A dimmed Eiffel Tower, cooler pools and sealed shops: How France is tackling the energy crisis

Paris's midnight skyline will look a little different from the end of this month.
Paris's midnight skyline will look a little different from the end of this month. Copyright REUTERS/Christian Hartmann
By Lottie Limb with AFP
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Paris mayor Anne Hidalgo announced new measures yesterday to bring the City of Light in line with Macron's plans for energy sobriety.


It’s known as the City of Light, but Paris will be dimming some of its monuments in response to the energy crisis.

The Eiffel Tower is set to fall dark over an hour earlier, under new energy sobriety plans announced by Paris mayor Anne Hidalgo today. While the city council will be switching off its own grand home of Hôtel de Ville from 10pm as an example to residents.

It follows a raft of national measures from President Macron, who last week called for a 10 per cent reduction in energy use to avoid the risk of rationing this winter.

Most of the country’s energy comes from nuclear, but with half of its reactors currently offline, France is seeking alternative supplies including electricity from Germany which is facing a severe gas shortage after Russia stopped its supply.

In stark contrast to the UK, Macron is fully renationalising state-owned electricity provider EDF, and continuing to cap energy prices at 4 per cent for consumers.

But the calls for “collective sobriety” in energy use in France are getting louder.

Where is Paris turning lights off?

The Eiffel Tower is typically illuminated until 1am by an elaborate lighting system that creates the iconic golden glow. Parisians are also used to an hourly twinkle from the tower at night, thanks to 20,000 flashing bulbs.

While monuments around the globe lit up with a British flag in honour of Queen Elizabeth’s death on Thursday, Paris’s most famous monument went dark in homage to Her Majesty.

The Eiffel Tower went dark in homage to the late Queen Elizabeth on Thursday evening.REUTERS

It was an unusual step, but earlier ‘lights off’ are the direction the Eiffel Tower is heading in this winter. Paris city hall is proposing to turn them off at 11.45 when the last visitors leave.

“It’s a highly symbolic gesture - part of the growing awareness around energy sobriety,” Jean-François Martins, head of the tower’s management said.

Night-time illumination accounts for only 4 per cent of the Eiffel Tower's annual consumption.

The town hall, just across the river from Notre-Dame cathedral, is among municipal monuments which will fall dark at 10pm.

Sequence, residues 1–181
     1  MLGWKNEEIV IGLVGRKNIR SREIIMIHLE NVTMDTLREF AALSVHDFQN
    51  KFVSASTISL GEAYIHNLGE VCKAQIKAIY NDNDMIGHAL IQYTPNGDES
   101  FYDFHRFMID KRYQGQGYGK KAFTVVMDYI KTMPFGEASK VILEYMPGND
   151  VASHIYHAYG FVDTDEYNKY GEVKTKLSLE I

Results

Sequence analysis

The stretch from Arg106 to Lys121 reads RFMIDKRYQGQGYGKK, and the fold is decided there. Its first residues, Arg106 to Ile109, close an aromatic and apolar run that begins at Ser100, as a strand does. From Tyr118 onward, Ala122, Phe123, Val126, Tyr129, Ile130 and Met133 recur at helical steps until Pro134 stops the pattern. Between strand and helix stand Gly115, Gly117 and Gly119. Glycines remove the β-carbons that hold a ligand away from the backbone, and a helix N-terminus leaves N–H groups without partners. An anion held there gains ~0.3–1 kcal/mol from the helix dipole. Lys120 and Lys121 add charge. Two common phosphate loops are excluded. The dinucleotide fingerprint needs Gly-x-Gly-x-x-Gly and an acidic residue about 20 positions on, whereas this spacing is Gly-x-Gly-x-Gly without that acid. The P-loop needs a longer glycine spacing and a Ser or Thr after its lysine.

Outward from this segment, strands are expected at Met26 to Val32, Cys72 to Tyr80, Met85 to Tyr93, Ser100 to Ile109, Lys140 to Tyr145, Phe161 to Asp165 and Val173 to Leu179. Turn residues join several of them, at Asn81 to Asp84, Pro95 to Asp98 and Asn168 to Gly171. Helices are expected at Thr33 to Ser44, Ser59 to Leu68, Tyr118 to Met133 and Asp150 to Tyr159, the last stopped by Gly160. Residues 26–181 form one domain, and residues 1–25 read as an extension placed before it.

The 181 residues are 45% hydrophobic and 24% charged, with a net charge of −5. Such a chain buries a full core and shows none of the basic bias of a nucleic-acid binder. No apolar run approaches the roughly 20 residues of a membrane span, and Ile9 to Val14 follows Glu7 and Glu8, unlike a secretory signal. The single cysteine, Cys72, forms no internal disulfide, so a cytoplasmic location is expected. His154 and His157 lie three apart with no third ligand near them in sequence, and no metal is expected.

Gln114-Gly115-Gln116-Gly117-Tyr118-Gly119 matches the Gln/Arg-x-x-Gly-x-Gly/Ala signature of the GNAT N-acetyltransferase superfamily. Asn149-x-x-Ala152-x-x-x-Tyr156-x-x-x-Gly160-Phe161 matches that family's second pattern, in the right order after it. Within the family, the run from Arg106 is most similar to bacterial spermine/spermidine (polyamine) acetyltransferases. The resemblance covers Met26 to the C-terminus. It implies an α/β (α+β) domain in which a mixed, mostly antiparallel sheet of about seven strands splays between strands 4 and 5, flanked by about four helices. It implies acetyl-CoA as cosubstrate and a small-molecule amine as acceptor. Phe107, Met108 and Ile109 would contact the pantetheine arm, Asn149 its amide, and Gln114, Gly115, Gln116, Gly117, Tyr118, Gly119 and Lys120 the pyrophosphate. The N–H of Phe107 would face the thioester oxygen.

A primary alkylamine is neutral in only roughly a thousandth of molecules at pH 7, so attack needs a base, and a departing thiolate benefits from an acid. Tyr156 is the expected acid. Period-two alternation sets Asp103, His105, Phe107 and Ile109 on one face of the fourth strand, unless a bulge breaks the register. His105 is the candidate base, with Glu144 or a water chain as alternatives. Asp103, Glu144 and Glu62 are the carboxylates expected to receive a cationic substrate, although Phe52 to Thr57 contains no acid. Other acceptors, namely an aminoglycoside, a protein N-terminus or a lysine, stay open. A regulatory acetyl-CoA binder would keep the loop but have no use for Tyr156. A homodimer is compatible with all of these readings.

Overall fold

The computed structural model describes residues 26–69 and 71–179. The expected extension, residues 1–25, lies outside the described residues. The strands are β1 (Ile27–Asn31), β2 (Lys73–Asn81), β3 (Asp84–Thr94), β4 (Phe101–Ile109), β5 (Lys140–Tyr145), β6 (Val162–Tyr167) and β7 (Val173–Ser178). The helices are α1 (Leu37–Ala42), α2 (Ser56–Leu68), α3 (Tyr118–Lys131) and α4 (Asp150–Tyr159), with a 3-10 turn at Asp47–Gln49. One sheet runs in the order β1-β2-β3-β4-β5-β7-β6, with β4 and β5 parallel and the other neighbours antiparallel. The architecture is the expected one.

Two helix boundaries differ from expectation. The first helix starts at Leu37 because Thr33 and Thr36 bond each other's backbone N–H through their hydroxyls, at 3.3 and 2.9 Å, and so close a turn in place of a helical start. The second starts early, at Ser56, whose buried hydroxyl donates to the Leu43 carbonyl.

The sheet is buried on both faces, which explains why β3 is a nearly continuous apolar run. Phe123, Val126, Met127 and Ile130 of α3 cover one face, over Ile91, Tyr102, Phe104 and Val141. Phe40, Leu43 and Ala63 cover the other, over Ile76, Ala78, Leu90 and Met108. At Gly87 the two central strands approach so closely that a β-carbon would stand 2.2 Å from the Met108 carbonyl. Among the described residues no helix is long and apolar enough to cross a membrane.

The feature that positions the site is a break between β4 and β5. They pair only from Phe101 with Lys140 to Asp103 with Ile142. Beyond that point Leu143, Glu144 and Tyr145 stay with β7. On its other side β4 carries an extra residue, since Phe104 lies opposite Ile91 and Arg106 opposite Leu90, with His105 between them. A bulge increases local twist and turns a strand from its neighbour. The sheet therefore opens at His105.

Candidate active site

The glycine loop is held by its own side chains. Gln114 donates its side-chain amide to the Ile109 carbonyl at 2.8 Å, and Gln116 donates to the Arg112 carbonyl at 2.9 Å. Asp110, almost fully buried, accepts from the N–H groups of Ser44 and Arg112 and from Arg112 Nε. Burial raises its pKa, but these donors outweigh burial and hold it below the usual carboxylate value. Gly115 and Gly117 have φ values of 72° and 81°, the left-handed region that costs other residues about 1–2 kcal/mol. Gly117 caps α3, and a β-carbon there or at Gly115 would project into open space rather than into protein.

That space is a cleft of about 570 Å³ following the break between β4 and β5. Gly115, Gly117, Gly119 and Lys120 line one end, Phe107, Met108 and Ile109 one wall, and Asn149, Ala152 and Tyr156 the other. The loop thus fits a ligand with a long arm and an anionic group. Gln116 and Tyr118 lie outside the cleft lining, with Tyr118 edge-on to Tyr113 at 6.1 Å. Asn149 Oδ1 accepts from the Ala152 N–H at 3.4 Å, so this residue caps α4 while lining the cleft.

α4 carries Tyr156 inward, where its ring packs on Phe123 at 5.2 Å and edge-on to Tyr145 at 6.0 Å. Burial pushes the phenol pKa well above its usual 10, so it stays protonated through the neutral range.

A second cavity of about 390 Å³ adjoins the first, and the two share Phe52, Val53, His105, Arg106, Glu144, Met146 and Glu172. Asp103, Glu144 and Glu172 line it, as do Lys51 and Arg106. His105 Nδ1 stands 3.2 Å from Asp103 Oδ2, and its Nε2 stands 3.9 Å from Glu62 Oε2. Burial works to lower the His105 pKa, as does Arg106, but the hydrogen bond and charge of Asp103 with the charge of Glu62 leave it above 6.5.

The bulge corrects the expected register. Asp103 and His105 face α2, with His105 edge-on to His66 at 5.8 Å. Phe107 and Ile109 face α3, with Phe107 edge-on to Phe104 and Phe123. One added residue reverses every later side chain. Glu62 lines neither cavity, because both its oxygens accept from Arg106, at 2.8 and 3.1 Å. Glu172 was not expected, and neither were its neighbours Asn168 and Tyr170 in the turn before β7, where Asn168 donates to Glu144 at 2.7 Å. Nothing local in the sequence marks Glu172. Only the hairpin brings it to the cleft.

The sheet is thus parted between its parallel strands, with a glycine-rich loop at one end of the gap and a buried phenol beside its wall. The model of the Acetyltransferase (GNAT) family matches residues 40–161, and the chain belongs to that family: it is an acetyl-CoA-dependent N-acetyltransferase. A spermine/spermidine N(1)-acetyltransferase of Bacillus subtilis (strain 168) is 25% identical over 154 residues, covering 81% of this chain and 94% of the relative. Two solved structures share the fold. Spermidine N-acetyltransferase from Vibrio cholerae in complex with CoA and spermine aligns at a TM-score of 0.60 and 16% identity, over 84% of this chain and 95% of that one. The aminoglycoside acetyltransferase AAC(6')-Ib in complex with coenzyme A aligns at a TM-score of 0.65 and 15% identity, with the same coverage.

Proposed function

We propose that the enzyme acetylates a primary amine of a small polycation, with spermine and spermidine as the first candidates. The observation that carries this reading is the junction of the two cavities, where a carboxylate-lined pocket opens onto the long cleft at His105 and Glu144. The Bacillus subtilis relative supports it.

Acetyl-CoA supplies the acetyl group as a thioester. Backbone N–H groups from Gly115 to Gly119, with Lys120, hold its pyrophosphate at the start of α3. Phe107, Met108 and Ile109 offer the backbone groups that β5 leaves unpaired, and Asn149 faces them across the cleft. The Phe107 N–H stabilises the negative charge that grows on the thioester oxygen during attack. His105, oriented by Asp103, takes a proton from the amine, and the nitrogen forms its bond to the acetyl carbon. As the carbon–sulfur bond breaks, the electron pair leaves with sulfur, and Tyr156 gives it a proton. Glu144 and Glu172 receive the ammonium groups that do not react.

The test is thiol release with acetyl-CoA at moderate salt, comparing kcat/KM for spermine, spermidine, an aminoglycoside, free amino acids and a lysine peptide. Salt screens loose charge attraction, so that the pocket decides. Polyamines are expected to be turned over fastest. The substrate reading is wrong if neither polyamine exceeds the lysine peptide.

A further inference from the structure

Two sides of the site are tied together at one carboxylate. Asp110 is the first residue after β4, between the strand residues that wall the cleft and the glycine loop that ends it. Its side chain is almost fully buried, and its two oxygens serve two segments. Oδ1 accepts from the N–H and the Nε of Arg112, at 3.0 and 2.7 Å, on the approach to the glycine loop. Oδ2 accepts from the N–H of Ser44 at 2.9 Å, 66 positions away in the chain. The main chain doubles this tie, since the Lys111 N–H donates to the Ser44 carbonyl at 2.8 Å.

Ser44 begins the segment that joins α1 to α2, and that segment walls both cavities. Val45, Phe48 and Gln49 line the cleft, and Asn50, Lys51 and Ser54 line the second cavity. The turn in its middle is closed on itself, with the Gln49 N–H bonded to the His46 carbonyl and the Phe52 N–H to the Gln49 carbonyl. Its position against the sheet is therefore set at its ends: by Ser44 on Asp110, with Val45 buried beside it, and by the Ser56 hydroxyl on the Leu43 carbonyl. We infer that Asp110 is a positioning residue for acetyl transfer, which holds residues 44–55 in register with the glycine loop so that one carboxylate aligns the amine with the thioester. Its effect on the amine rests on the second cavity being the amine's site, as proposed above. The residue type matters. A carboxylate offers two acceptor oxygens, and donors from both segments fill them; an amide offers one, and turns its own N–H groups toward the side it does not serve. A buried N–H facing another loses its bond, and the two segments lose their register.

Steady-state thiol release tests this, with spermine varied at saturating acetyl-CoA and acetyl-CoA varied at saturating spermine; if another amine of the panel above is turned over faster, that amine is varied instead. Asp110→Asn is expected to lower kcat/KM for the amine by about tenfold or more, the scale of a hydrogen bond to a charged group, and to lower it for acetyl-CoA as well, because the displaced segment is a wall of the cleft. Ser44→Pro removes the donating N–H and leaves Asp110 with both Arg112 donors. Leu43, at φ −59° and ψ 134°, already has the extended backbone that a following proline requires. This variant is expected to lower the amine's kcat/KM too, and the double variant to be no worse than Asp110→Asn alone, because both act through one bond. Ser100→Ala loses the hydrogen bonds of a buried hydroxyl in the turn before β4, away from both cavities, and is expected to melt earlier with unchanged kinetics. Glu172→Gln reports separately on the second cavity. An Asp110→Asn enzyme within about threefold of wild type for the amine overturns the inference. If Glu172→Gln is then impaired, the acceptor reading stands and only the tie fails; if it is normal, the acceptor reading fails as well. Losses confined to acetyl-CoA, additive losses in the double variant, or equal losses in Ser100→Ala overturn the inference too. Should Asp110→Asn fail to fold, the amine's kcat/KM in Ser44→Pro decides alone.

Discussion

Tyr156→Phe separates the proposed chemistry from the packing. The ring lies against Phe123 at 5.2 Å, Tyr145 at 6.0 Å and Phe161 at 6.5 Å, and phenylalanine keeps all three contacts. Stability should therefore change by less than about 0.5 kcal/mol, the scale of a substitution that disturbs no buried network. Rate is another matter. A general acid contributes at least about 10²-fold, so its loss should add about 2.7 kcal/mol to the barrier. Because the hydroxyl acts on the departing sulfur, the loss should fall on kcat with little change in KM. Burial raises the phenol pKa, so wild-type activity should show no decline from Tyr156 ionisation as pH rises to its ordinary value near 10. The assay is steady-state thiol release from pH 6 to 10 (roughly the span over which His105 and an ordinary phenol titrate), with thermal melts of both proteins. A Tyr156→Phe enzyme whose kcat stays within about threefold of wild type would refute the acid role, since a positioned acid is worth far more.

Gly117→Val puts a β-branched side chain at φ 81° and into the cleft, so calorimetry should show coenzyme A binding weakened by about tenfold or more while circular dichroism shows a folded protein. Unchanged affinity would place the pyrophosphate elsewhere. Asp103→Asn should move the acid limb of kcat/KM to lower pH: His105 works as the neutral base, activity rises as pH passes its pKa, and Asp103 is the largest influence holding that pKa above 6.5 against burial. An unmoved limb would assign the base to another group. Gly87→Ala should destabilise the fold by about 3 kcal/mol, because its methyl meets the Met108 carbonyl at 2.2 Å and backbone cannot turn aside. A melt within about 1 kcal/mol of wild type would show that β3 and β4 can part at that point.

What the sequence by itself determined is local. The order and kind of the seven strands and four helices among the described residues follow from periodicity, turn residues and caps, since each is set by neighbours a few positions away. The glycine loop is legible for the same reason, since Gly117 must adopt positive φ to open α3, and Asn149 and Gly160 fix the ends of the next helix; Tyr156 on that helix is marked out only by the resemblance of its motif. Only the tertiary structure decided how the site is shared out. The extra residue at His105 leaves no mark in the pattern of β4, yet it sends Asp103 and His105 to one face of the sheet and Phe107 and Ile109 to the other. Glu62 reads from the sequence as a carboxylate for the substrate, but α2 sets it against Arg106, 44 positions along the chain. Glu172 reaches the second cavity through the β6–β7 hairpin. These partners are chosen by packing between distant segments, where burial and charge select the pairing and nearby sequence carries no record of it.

Mayor Hidalgo is seeking to extend the curb to buildings not owned by the municipality, BFMTV reports. It adds that if public street lighting will not be turned off, lights will at least be dimmed from 23 September.

What are Paris’s new heating rules?

Paris will also be dialling down the heating to save on energy.

Public buildings will be one degree cooler (18C instead of 19C) except in nursing homes and nurseries, the Mayor has confirmed. While public buildings will be no warmer than 12C at night.

Magali Cohen/Hans Lucas/REUTERS
The water temperature in Parisian pools will be dialled down a degree from 23 September.Magali Cohen/Hans Lucas/REUTERS

Municipal swimming pools will also feel a little chillier - dropping from 26C to 25C, following discussions with leisure centre managers.

It’s hoped these small changes will make a significant difference when implemented across the whole city, and also help to speed up Paris’s energy transition under the city’s Climate Plan.

First deputy mayor of Paris Emmanual Grégoire drew a direct line from this summer’s order for air-conditioned shops to close their doors, stating that shops will now have to keep their heat in.


He added that he wants to give shopkeepers an array of tools to reduce their consumption, and questioned “the use of light as a commercial attraction.”

Lille, Marseille, Montpellier and Lyon are leading the way with blackouts

A number of French towns and cities have already decided to ration public lighting and heating in order to limit their soaring energy bills.

One of the most striking measures came from Lille, which stopped lighting public buildings at night at the beginning of September, except for the Grand'Place and the Place de l'Opéra, which will allow it to save 170,000 kWh per year.

Marseille has taken a similar measure, with lights going out at 11.30pm, and 10.30pm in winter for its 140 monuments, with Notre-Dame-de-la-Garde as the only exception.

Since July 2021, the emblematic Citadelle built by Vauban, which dominates Besançon, has not been systematically lit at night "to reduce energy consumption, preserve biodiversity and limit light pollution".


The same reasons are given by the city of Montpellier, which in April decided to switch off public lighting on five roads.

In Lyon, the metropolitan authority has set the heating temperature for its buildings at 19°C this winter to cope with the anticipated doubling of energy costs (from 55 to 100 million euros) in 2023.

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